Learning you have diabetes can be confusing and even overwhelming but managing your condition doesn’t have to be. With the right supplies and a regular testing schedule, you can stay on top of your blood sugar levels to keep your diabetes (and your life) under constant control. Here’s what you need to know to take the stress out of securing your diabetes testing supplies.

Glucose Meter

A blood glucose meter – also known as a glucometer – is a portable device used to measure the level of glucose (a type of sugar) in a person’s blood. They work by analyzing a drop of blood – typically taken from the patient’s finger – that is inserted into the meter via testing strip. Today’s glucose meters can return accurate results within seconds.

Glucometers come in a variety of makes and models, from basic, no-frills formats to more advanced meters packed with options and features. Some can even store your testing information over time, delivering valuable insight to the patient and their physician.

The price of your glucometer depends on which brand and type you choose, but typical costs are between $20 and $70. Your insurance company may cover part or all the cost, depending on your policy. Your doctor can help you determine which glucose meter is right for you.


A lancet is a plastic mold that contains a sterile surgical needle. In diabetic patients, lancets are used to prick the finger (or another body part) and obtain a blood sample for sugar testing.

Lancets come in different gauges, which refers to the width of the needle point. The most common sizes run from 23 to 30. Higher gauges have thinner needles, which cause less pain but may not provide an adequate sample.

Lancing Device

While lancets alone can secure a blood sample, most patients prefer to use a lancing device. A traditional lancet is inserted into the lancing device, which uses a spring to drive and retract the lancet in a smooth, forceful motion. Most devices have customizable depth settings that allow you to control how deeply the lancet penetrates the skin.  This makes gathering the blood sample faster and less painful, especially for those with thick calluses or fingertip sensitivity.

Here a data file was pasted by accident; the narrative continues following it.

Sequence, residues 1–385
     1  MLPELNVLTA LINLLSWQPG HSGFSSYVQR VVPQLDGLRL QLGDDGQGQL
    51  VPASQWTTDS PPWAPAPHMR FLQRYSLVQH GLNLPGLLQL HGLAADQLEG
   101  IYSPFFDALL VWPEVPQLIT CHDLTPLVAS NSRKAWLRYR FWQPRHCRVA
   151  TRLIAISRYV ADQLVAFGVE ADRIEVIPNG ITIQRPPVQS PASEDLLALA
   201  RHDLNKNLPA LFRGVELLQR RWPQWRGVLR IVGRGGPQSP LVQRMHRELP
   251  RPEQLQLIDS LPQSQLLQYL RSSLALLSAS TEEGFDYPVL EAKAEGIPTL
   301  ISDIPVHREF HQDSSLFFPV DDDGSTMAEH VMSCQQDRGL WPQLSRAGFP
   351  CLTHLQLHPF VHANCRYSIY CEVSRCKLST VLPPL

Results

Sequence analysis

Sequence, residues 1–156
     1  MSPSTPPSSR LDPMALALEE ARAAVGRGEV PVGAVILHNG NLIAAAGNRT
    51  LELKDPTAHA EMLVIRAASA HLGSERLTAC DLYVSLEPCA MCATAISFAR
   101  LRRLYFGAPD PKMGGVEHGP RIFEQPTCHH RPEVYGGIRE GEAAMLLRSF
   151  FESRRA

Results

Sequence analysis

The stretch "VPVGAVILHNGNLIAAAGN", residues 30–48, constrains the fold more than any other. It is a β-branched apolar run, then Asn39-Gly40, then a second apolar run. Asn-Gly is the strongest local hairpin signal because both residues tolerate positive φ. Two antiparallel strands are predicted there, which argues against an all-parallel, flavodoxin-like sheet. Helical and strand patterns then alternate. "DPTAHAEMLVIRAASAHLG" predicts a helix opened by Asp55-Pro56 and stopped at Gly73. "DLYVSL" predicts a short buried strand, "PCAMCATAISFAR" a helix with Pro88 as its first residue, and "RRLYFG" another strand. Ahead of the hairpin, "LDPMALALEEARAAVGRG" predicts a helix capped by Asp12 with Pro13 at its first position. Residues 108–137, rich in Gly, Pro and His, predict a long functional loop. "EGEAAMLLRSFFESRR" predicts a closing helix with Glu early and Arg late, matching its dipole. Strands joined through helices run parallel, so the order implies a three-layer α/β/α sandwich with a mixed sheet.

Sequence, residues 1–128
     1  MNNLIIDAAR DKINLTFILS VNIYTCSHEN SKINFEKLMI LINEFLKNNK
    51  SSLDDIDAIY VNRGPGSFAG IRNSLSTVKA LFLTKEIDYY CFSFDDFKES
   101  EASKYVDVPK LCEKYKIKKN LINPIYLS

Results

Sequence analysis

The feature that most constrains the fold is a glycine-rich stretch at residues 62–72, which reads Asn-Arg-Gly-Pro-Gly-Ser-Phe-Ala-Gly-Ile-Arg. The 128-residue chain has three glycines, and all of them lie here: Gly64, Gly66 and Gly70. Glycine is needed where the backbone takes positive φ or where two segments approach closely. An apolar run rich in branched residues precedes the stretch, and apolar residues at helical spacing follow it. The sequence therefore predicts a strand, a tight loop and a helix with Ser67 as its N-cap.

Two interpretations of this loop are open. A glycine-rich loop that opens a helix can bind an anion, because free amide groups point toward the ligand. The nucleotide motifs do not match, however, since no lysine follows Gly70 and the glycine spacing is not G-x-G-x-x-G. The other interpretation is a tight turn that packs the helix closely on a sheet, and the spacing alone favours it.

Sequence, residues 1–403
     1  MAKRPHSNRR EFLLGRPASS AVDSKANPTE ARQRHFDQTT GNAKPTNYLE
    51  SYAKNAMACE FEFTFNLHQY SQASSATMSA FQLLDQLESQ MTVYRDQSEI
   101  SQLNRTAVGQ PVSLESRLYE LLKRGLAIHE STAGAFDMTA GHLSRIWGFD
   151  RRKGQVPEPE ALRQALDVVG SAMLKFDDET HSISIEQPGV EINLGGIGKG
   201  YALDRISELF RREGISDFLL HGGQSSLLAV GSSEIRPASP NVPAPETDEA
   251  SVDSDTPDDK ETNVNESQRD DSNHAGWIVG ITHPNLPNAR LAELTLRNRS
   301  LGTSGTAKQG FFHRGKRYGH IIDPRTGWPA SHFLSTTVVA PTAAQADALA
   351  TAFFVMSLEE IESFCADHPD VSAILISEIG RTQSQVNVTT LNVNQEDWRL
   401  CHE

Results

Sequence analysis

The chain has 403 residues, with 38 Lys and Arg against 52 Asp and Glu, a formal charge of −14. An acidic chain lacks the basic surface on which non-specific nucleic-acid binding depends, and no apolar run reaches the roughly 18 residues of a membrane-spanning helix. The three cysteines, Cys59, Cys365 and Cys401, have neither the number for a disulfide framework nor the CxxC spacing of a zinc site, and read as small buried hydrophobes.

Lancing devices come in many different models, and they don’t all lock in every type of lancet. Lancing devices that can hold multiple lancet types are the best for flexible supply shopping.

Test Strips

A glucose testing strip is used with a glucometer to measure a person’s blood sugar levels. A drop of blood is placed onto the strip, which is then inserted into a special slot inside the glucose meter.

They may be small, but each strip is packed with state-of-the-art science that converts glucose into an electric current. The meter then determines the amount of glucose needed to generate that level of electricity and displays it as a series of numbers on the screen.

Test strips can be purchased over-the-counter without a prescription – but they’re often pricey. A box of 50 testing strips can cost anywhere from $8 to $80, and some meters require a particular brand that may cost more. Insurance may cover a portion of the price with certain conditions such as annual deductibles or preferred providers.